In addition to the federal law creating the Religious Land Use and Institutionalized Persons Act, several states have enacted their own version of the law. Indeed, since 1997, a dozen State Religious Freedom Restoration Act (RFRA’s) have become law.
State Religious Freedom Restoration Acts are a response to significant loss of federal religious liberty protection over the last fifteen years. They are passed by state legislatures to restore the standard that has historically protected religious freedom – a standard known as the “compelling state interest” test. This standard requires that any state action that substantially burdens the religious freedom of any person be justified by showing that the state act is the least restrictive means of protecting a “compelling state interest.” Such interests would included the protection of life, liberty, property and health of others, and similarly strong community interests. The test requires the state to show that it has no less restrictive means of protecting its interests that avoids a conflict with religious exercise. It is clear that the compelling interest standard that RFRA’s institute has a stellar history of nearly half a century of fairly protecting the religious freedom of individuals and institutions. A state RFRA does not establish an unknown and uncertain standard, but rather restores a known and effective legal protection.
Why do we need a State RFRA’s? Prior to 1990, U.S. Supreme Court used the “compelling interest” test when deciding religious claims. However, in a 1990 decision, Employment Division of Oregon v. Smith, 494 US 872, 890 (1990), the Court tipped the scales in favor of government regulation. The Court threw out the “compelling interest” test which shielded our religious freedom from onerous government regulation for more than forty years. Sherbert vs. Verner, 374 US 398 (1963) The Smith decision reduced the standard of review in religious freedom cases to “a reasonableness standard.” In other words, if a state regulation is “reasonable” (which they nearly always are), a religious objector loses. While other fundamental rights (freedom of speech, press, assembly, etc) remain protected by the stringent “compelling interest” test, the court singled out religious freedom, reducing its protection to the weak “reasonableness” test.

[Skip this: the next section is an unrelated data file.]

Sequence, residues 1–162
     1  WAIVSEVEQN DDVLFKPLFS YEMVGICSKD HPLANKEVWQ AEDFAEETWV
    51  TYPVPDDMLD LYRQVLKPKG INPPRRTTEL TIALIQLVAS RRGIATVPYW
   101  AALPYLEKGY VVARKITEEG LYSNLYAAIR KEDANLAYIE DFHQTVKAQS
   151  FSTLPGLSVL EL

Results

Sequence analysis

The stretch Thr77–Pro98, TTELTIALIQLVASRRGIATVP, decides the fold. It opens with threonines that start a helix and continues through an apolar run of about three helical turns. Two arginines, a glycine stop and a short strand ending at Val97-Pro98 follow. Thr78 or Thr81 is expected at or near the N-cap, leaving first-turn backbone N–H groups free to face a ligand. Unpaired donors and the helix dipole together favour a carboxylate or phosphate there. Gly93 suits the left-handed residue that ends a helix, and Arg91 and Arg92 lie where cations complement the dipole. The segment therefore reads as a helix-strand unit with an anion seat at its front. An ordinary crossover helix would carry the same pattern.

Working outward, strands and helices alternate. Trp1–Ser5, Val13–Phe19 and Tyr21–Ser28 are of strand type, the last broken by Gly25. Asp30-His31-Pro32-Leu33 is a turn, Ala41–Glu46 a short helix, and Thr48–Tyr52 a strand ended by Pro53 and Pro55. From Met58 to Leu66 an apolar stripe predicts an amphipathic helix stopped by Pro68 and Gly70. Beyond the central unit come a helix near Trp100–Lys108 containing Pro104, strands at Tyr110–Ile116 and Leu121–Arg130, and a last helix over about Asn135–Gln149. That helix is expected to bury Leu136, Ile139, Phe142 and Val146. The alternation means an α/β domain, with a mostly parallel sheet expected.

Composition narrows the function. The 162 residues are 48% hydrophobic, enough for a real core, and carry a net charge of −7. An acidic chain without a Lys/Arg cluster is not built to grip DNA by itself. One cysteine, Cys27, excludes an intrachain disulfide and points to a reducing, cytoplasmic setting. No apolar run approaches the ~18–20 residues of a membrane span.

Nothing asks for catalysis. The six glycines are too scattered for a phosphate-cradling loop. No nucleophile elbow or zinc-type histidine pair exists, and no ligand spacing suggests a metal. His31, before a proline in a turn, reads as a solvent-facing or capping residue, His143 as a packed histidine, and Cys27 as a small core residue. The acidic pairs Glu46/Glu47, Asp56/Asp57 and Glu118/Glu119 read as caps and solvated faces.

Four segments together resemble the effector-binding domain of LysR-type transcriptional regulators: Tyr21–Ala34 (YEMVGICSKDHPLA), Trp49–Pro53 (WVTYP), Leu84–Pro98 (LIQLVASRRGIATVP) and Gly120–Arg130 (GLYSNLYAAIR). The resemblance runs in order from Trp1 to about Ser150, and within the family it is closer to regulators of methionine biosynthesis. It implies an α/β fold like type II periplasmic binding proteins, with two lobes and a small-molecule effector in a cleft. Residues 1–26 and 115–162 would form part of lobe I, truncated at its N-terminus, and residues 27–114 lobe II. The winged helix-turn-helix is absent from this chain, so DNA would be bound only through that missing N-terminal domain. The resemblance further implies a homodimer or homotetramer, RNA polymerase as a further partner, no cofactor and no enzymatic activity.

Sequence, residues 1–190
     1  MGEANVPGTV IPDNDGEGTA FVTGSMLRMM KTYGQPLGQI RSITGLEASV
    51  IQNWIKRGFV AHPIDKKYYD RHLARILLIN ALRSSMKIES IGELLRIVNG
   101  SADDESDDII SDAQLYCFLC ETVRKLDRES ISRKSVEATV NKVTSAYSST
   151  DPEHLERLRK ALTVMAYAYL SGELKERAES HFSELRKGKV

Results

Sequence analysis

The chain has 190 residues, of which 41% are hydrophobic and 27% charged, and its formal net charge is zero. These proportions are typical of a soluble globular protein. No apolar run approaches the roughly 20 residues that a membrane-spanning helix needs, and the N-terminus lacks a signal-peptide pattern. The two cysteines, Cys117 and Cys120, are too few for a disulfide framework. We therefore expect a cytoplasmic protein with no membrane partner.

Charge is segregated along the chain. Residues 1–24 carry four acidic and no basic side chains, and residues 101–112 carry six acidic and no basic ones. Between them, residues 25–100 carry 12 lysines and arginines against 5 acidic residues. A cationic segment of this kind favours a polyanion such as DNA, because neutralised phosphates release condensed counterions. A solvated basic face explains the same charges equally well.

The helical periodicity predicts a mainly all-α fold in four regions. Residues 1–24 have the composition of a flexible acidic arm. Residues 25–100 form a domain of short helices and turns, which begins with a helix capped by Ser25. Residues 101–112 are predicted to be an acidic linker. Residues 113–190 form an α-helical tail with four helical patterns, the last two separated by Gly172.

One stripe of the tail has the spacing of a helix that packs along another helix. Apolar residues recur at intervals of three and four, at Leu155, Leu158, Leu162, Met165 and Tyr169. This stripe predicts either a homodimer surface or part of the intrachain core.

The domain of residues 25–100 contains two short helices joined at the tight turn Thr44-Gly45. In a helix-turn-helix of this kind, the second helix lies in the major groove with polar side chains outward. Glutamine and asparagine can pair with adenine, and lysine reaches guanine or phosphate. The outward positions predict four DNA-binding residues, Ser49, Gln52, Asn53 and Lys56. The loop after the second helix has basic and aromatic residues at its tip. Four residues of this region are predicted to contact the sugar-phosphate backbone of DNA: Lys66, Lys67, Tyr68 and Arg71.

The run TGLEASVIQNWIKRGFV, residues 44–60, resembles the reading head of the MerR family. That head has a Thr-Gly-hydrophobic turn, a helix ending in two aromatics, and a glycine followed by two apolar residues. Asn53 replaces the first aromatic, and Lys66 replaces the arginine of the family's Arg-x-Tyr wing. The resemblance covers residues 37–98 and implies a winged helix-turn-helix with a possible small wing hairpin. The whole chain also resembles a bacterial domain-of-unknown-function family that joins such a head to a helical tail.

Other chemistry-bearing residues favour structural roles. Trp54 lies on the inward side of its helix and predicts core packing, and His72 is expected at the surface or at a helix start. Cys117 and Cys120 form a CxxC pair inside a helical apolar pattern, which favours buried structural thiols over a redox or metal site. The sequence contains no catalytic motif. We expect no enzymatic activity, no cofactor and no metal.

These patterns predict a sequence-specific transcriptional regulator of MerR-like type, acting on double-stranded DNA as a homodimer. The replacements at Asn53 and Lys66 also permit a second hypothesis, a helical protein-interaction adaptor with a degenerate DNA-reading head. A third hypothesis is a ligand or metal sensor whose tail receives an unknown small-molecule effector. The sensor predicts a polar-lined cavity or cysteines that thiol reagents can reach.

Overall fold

In 1993 Congress attempted to remedy the Smith decision by enacting the Federal Religious Freedom Restoration Act. This act simply restored the “compelling interest” test in religious freedom cases. Four years later, the Federal RFRA was struck down as applied to state and local governments by the United States Supreme Court in the 1997 City of Boerne vs. Flore 521 US 507 (1997)case. In 2000, Congress remedied the City of Boerne decision by enacting the Religious Land Use and Institutionalized Persons Act Act 42 USC 200cc et sec.
State RFRA’s are still needed because federal law no longer provides the protection for religious liberty that it once did, and some states, such as Michigan, have inadequate religious freedom protection in light of state Court decisions. While Michigan’s constitution provides some protection, it does not have a clear and unequivocal basis for relief.